human filamins have been shown to especially affect the nonlinear behavior of actin networks (9). For this class of ABPs, (i) the number of rod repeats, (ii) the rod domain structure, and (iii) variable actin-binding affinities are believed to be responsible for the different mechanical properties of the ABPs (1). Although structural arrangements are difficult to quantify, the viscoelastic properties are reliably determinable. The dependence of the elastic moduli on the concentration of cross-linking molecules allows the quantitative characterization of the mechanical effectiveness of different cross-linking molecules. Therefore, the elastic moduli will depend on molecular structure, the binding affinities of the cross- linker, and the resulting structural phases. Consequently, a system- atic variation of the molecular structure of cross-linker molecules is needed to correlate the mechanical response of cross-linked net- works to the molecular structure of the cross-linkers.

    In this work, we relate the geometric structure of different cross-linking molecules with mechanical effectiveness. Synthetic cross-linker molecules based on the naturally occurring Dictyo- stelium discoideum filamin (ddFLN) and hisactophilin (10) are expressed, and the effect on the formation of orthogonal net- works and ordered bundles is observed. We demonstrate that the mechanical effectiveness of the different constructs in in vitro actin networks depends on the geometrical length of the con- structs, respectively on the number of spacing domains.

    Results We analyzed the elastic response and structure of networks, cross-linked by ddFLN (also known as ABP120; GenBank accession no. XP�646669) and compared the obtained results with networks cross-linked by different synthetically constructed cross-linking molecules. For all networks we determined the frequency-dependent elastic modulus G� and the loss modulus, G� and extracted the quasiplateau modulus (G0 � G� at 5 mHz) as a function of the molar ratio of cross-linker to actin (R � cxlink�cactin). The filamin isoform ddFLN is a dimeric molecule, consisting of six tandem repeats of a 100-residue motif (rod domain) with an Ig (IgG) fold and an N-terminal, 250-residue calponin homology domain responsible for actin binding (11, 12). Both chains are arranged in an extended antiparallel fashion interconnecting the two actin-binding domains. The dimeriza- tion is mediated by the sixth domain, resulting in an end-to-end distance of �35 nm (13).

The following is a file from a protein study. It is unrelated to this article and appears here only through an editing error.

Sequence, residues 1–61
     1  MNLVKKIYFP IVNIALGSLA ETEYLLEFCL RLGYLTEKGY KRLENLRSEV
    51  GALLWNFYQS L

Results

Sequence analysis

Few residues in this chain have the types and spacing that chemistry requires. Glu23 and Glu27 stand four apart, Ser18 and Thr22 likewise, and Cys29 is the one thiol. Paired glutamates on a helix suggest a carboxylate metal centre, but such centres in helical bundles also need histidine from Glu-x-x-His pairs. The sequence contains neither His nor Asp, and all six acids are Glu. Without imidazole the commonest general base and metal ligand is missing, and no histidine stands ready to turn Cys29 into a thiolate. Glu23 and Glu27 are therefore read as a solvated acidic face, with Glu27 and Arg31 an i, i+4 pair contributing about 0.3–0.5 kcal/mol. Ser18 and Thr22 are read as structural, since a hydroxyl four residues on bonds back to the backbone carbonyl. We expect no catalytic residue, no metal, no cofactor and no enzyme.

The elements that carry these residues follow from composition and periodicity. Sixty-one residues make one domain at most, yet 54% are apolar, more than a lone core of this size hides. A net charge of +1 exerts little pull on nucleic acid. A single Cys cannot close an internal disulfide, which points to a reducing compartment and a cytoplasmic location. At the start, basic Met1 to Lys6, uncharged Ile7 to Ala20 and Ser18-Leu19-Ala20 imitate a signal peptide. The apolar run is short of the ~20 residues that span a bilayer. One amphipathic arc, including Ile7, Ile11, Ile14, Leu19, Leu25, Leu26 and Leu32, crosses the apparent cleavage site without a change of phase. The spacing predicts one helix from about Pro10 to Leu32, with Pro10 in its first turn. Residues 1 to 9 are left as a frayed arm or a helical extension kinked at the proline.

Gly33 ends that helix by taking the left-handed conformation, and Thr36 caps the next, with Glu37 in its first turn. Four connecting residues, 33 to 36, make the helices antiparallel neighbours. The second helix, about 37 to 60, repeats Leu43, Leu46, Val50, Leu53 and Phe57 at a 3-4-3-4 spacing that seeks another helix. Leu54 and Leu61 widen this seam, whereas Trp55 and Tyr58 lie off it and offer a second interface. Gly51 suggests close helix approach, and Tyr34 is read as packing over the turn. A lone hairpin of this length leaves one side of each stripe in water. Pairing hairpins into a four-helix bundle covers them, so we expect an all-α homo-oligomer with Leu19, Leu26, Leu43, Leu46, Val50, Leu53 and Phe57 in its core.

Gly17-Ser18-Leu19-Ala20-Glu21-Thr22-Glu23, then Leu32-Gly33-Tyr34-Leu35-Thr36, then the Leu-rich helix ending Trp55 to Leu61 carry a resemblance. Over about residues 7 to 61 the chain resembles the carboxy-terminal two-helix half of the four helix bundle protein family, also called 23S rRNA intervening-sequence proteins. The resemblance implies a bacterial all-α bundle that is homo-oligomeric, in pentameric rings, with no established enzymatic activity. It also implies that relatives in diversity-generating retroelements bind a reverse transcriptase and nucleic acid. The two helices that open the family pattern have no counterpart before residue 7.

Conflict of interest statement: No conflicts declared.

    This paper was submitted directly (Track II) to the PNAS office.

    Abbreviations: ddFLN, Dictyostelium discoideum filamin; ABP, actin-binding proteins; MW, molecular mass.

    §To whom correspondence may be sent at the present address: Institut für Biochemie und Lebensmittelchemie, Universität Hamburg, Grindelallee 117, 20146 Hamburg, Germany. E-mail: [email protected]

    ¶To whom correspondence may be addressed at: Lehrstühl für Biophysik E22, Technische Universität München, James Franck Strasse 1, 85747 Garching, Germany. E-mail: [email protected]

    © 2006 by The National Academy of Sciences of the USA

    13974–13978 � PNAS � September 19, 2006 � vol. 103 � no. 38�cgi�doi�10.1073�pnas.0510190103